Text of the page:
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|Title:||3-D magnetotelluric imaging of the Phayao Fault Zone, Northern Thailand: Evidence for saline fluid in the source region of the 2014 Chiang Rai earthquake|
Curl-E Geophysics Co. Ltd.
Commission on Higher Education
University of Tokyo
|Keywords:||Earth and Planetary Sciences|
|Citation:||Journal of Asian Earth Sciences. Vol.147, (2017), 210-221|
|Abstract:||© 2017 Elsevier Ltd Seismicity in Thailand had been relatively low for decades prior to the Mw 6.5 earthquake of 5 May 2014 which came as a surprise and was followed by thousands of aftershocks. Most of the epicenters were located in the transition region between the Mae Lao Segment (MLS) and the Pan Segment (PS) of the Phayao Fault Zone (PFZ). We conducted a 3-D magnetotelluric (MT) survey (31 sites) to image the deep PFZ structure. The shallow 3-D resistivity structure matches very well with the surface geology, while the deeper structures disclose many interesting resistive and conductive anomalies. However, the most interesting feature of this study is the large conductive anomaly (ML) located at a depth of 4 km to the mid-crust beneath the MLS near the seismogenic zone. Our current hypothesis is that the ML conductor has a highly interconnected aqueous fluid content and also plays crucial role in the earthquake sequence of the 5 May 2014 event. As our previous seismic waveform study revealed that the MLS has a relatively high fault plane instability, the fluid within the fractured fault would further reduce the fault strength. The accumulated pre-existing tectonic stress from the north can therefore overcome the maximum frictional strength of the MLS, and hence cause it to slip and produce the main shock. With the local structural heterogeneities and fluid in the fractured fault zones, the aftershocks then occurred on both the PS and MLS. This is in contrast to the Mae Chan Fault Zone (MCFZ) in the north which many scientists expected to generate a larger magnitude earthquake than any other faults. Since instrumental record, it has only generated a few Mw 4 earthquakes. Some of our MT stations were located within the MCFZ. However, there is no deep conductor as the conductor lies beneath the MLS. A lack of interconnected fluid within the deep fault beneath the MCFZ might be one of the reasons for the lower seismic activity from the MCFZ. Other geophysical methods, such as seismic tomography, are necessary in order to confirm the presence of the fluid beneath the MLS and also the lack of a deep conductor beneath the MCFZ.|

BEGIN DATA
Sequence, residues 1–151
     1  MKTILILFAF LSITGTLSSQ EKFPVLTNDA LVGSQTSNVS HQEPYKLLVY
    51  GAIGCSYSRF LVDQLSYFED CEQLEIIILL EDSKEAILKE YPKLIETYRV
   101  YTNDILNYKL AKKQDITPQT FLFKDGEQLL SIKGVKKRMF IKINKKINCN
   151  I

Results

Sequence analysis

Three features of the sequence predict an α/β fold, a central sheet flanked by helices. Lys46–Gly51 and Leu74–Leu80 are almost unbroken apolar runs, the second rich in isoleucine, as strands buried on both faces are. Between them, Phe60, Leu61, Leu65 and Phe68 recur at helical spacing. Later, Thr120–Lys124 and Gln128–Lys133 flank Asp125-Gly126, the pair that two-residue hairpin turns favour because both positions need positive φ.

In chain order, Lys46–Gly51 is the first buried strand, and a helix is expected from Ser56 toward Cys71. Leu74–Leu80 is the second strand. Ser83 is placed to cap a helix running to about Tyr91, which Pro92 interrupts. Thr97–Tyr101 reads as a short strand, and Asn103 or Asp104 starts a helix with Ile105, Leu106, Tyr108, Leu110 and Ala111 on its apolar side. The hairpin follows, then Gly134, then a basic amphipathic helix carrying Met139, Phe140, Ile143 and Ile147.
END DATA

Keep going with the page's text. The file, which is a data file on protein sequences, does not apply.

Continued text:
|Appears in Collections:||Scopus 2016-2017|
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